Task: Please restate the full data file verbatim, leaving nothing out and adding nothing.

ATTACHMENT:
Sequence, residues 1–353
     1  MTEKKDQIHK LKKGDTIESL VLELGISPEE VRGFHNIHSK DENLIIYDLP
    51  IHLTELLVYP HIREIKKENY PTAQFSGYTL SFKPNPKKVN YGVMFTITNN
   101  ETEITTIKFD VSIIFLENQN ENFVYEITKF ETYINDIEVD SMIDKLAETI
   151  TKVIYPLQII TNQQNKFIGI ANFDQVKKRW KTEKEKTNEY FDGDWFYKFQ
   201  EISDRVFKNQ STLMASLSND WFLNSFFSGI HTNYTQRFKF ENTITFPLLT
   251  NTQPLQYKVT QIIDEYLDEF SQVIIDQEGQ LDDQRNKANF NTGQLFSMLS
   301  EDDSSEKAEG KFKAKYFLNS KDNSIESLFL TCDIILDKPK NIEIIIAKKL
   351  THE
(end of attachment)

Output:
Sequence, residues 1–353
     1  MTEKKDQIHK LKKGDTIESL VLELGISPEE VRGFHNIHSK DENLIIYDLP
    51  IHLTELLVYP HIREIKKENY PTAQFSGYTL SFKPNPKKVN YGVMFTITNN
   101  ETEITTIKFD VSIIFLENQN ENFVYEITKF ETYINDIEVD SMIDKLAETI
   151  TKVIYPLQII TNQQNKFIGI ANFDQVKKRW KTEKEKTNEY FDGDWFYKFQ
   201  EISDRVFKNQ STLMASLSND WFLNSFFSGI HTNYTQRFKF ENTITFPLLT
   251  NTQPLQYKVT QIIDEYLDEF SQVIIDQEGQ LDDQRNKANF NTGQLFSMLS
   301  EDDSSEKAEG KFKAKYFLNS KDNSIESLFL TCDIILDKPK NIEIIIAKKL
   351  THE